• APS-C 372.9mm2
  • 12.3 megapixels
  • ISO 200 - 3200
  • 4/3 224.9mm2
  • 12.8 megapixels
  • 24.00mm - 75.00mm (35mm eq.)

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Differences

Nikon D300S advantages over Leica D-LUX (Typ 109)

  • Larger sensor
    APS-C vs 4/3
    More sensor area. Bigger is (generally) better.
  • Bigger pixels
    ~ 5.50 vs 3.86 microns
    Better low-light and dynamic range (all else equal)
  • Internal flash
    Internal flash vs None
    Useful in a pinch for fill flash
  • External Mic Jack
    Jack vs No jack
    Improved sound fidelity when shooting video
  • Dual card slots
    Yes vs No
    Gives you more storage flexibility

Leica D-LUX (Typ 109) advantages over Nikon D300S

  • Focus peaking
    Peaker vs Non-peaker
    Your camera will highlight what's in focus
  • Less expensive
    $1095* vs $1899
    Save money for lenses or accessories
  • In-Camera Image Stabilization
    Yes vs No
    Reduces the effects of camera shake at slower shutter speeds
  • Shoot 4K video
    4K (UHD) vs 720p
    Make sure you have a fast computer
  • In-camera panoramas
    Yes vs No
    Stitches multiple shots into a panoramic photo
  • Built-in Wi-Fi
    Wi-Fi vs None
    Share your photos wirelessly
  • Thinner
    55 mm vs 74 mm
    Thinner
  • Newer
    4 years vs 9 years old
    Newer cameras often support more advanced features
  • Lighter weight
    405g vs 951g
    Lighter weight
  • Shoots 1080p video
    Yes vs No
    You'll want this if you shoot video
  • More viewfinder magnification
    0.70x vs 0.63x
    Get a bigger view of the scene through the eye-level viewfinder
  • Shoots 60p video
    Yes vs No
    A faster framerate can give you more editing options
  • Longer exposure
    60 vs 30 sec
    Long exposures for night shots
  • Faster shutter
    1/16000 vs 1/8000 sec
    Shoot wide open in bright light
  • Higher extended ISO
    25000 vs 6400 ISO
    Higher extended ISO can give more low-light flexibility

Similarities

Common Strengths

  • Rear display
    Both provide
    Review photos on the back of the camera
  • Eye-level viewfinder
    Both provide
    You'll be able to frame photos even when the sun is out
  • RAW file ability
    Both provide
    Gives you more flexibility to develop your photos later
  • Manual focus
    Both provide
    AF is for the weak. Real photographers focus manually.
  • HDMI out
    Both provide
    Use an external screen to monitor or review video
  • Hot shoe
    Both provide
    Off-camera flashes open new possibilities
  • Bulb shutter
    Both provide
    Hold the shutter open manually for long exposures

Common Weaknesses

  • Tilt-swivel screen
    Neither provide
    Tilt and swivel the screen for maximum shooting flexibility
  • Touchscreen
    Neither provide
    Interact with your camera just like your smartphone
  • Tiltable Screen
    Neither provide
    Tilt the screen for shooting flexbility
  • Built-in Bluetooth
    Neither provide
    Always-on wireless connectivity
  • Built-in GPS
    Neither provide
    Geotag your photos
  • On-sensor phase detect
    Neither provide
    Usually improves live view and video AF performance
  • Integrated ND filter
    Neither provide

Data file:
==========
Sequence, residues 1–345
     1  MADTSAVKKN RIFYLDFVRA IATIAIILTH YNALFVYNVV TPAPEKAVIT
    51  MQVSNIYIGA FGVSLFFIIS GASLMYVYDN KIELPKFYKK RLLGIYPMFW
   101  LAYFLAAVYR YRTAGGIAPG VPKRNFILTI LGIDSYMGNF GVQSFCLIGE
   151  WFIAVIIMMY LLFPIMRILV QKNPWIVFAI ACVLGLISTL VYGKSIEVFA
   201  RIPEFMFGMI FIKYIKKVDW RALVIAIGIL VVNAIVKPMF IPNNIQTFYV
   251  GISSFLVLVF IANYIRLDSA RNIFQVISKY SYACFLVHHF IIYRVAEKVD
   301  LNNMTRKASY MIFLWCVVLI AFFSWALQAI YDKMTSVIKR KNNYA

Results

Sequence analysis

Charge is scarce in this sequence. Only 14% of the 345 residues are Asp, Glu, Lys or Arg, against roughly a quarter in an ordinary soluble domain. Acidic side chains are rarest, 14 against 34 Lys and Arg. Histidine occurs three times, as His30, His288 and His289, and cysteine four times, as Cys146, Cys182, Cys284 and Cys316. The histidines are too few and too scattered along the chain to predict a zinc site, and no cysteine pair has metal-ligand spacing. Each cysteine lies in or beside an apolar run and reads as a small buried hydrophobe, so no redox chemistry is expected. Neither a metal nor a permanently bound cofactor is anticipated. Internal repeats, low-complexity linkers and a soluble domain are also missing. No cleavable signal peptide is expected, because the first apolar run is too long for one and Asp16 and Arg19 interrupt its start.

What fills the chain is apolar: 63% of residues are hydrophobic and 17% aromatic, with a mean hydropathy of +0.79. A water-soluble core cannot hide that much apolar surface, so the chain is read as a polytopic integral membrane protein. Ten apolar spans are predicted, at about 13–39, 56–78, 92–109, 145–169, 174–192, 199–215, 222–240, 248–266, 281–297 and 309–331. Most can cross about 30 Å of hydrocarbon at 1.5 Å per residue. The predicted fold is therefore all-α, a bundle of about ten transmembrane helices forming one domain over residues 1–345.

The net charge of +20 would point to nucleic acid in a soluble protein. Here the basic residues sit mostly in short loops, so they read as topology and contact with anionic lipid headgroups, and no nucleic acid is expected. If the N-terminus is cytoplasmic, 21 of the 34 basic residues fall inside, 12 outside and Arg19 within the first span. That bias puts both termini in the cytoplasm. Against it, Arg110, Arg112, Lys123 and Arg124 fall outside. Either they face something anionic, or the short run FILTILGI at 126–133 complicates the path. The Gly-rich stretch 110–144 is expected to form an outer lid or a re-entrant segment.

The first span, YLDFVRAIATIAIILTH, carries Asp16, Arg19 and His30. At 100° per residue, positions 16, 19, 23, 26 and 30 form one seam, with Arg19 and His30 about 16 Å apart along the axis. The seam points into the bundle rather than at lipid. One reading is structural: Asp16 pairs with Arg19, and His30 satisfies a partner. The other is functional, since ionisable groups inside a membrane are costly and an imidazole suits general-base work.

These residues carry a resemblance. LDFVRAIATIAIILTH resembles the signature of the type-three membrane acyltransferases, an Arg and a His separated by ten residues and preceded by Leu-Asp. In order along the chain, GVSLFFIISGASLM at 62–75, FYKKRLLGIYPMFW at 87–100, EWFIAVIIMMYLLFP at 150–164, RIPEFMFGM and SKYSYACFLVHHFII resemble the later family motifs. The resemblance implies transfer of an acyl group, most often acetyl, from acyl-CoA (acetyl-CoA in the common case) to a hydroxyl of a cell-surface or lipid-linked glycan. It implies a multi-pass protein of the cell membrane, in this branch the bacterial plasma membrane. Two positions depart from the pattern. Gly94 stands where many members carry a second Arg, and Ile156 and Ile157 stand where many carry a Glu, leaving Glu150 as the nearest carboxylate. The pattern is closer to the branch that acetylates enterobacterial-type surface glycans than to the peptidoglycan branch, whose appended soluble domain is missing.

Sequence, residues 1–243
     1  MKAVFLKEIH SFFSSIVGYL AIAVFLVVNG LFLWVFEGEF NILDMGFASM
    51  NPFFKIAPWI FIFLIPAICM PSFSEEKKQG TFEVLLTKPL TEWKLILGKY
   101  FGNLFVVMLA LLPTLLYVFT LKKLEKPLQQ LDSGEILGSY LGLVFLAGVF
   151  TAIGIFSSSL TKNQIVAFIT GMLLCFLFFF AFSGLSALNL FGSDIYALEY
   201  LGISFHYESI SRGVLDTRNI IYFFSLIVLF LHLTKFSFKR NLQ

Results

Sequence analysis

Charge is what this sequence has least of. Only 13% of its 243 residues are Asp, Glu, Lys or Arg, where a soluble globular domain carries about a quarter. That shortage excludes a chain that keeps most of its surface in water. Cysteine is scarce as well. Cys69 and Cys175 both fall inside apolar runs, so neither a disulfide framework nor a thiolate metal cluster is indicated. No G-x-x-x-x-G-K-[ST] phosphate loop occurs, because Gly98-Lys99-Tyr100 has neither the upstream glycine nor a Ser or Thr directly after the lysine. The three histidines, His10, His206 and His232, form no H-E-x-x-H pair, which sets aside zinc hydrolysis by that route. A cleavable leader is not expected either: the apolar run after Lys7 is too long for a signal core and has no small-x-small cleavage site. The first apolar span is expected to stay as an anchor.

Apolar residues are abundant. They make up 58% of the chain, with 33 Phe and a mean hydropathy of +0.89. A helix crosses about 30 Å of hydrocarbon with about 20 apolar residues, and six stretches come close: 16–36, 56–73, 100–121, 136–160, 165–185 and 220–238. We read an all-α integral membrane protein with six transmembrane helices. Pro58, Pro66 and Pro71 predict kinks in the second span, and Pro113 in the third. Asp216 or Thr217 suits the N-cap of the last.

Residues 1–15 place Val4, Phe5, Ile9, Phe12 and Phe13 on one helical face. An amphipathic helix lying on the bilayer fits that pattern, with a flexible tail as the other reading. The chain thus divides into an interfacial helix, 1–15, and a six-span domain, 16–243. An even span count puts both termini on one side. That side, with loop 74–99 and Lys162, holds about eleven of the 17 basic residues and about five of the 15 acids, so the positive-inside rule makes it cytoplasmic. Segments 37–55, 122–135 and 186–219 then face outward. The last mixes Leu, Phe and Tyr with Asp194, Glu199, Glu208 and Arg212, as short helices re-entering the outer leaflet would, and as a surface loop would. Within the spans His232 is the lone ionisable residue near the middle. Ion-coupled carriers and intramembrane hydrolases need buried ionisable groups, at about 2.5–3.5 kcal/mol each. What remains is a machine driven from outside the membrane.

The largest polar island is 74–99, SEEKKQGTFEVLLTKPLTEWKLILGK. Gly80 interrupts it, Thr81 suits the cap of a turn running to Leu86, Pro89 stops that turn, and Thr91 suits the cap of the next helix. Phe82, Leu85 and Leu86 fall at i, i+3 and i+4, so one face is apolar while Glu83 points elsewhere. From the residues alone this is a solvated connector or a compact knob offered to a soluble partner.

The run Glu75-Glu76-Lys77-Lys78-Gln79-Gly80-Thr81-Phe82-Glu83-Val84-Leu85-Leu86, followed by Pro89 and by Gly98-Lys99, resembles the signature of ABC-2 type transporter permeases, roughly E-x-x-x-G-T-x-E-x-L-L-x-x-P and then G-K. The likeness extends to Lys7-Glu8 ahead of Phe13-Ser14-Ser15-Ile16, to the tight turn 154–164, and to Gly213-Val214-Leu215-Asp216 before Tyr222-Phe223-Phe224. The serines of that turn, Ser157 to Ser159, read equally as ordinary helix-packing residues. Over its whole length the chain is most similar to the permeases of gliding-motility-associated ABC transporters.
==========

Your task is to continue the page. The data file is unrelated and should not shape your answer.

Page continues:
Shoot in daylight with a large aperture or slow shutter
  • Headphone jack
    Neither provide
    Monitor audio recording while you shoot video
  • Slow-motion videos
    Neither provide
    Shoot slow-motion videos

User reviews

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Your purchases support this site

Buy the Leica D-LUX (Typ 109)

Review Excerpt

  • Rugged construction; 51-point AF system capable of sophisticated AF tracking; Large, bright optical viewfinder; 7 fps JPEG or 12-bit RAW burst mode; HD Video capture.

  • 14-bit RAW mode slows continuous shooting from 7 fps to 2.7 fps; Somewhat slow AF for a camera at this level, especially in 51-point auto-area mode; Video capture tops out at 720p24.

The Competition

Compared to Nikon D90

Nikon D300S
Nikon D90
  • $1495
  • APS-C
  • External Mic Jack
  • More cross-type AF points
  • $1300
  • APS-C
  • Higher effective ISO
  • Bigger JPEG buffer
Leica D-LUX (Typ 109)
Nikon D90
  • $1095
  • 4/3
  • Focus peaking
  • In-Camera Image Stabilization
  • $1300
  • APS-C
  • Larger sensor
  • Bigger pixels

Compared to Canon 50D

Nikon D300S
Canon 50D
  • $1495
  • APS-C
  • Higher effective ISO
  • Longer stills battery life
  • $1000
  • APS-C
  • Less shutter lag
  • More pixels
Leica D-LUX (Typ 109)
Canon 50D
  • $1095
  • 4/3
  • Focus peaking
  • In-Camera Image Stabilization
  • $1000
  • APS-C
  • Larger sensor
  • Bigger pixels

Compared to Sony DSLR-A550

Nikon D300S
Sony DSLR-A550
  • $1495
  • APS-C
  • Lens selection
  • Fast startup
  • $859
  • APS-C
  • In-Camera Image Stabilization
  • Tiltable Screen
Leica D-LUX (Typ 109)
Sony DSLR-A550
  • $1095
  • 4/3
  • Focus peaking
  • Shoot 4K video
  • $859
  • APS-C
  • Larger sensor
  • Bigger pixels

Compared to Panasonic LX100

Nikon D300S
Panasonic LX100
  • $1495
  • APS-C
  • Larger sensor
  • Bigger pixels
  • $598
  • 4/3
  • Less expensive
  • Focus peaking
Leica D-LUX (Typ 109)
Panasonic LX100
  • $1095
  • 4/3
  • $598
  • 4/3
  • Less expensive

Compared to Canon G5X

Nikon D300S
Canon G5X
  • $1495
  • APS-C
  • Larger sensor
  • Bigger pixels
  • $699
  • 1 inch
  • Less expensive
  • Tilt-swivel screen
Leica D-LUX (Typ 109)
Canon G5X
  • $1095
  • 4/3
  • Larger sensor
  • Bigger pixels
  • $699
  • 1 inch
  • Less expensive
  • Tilt-swivel screen
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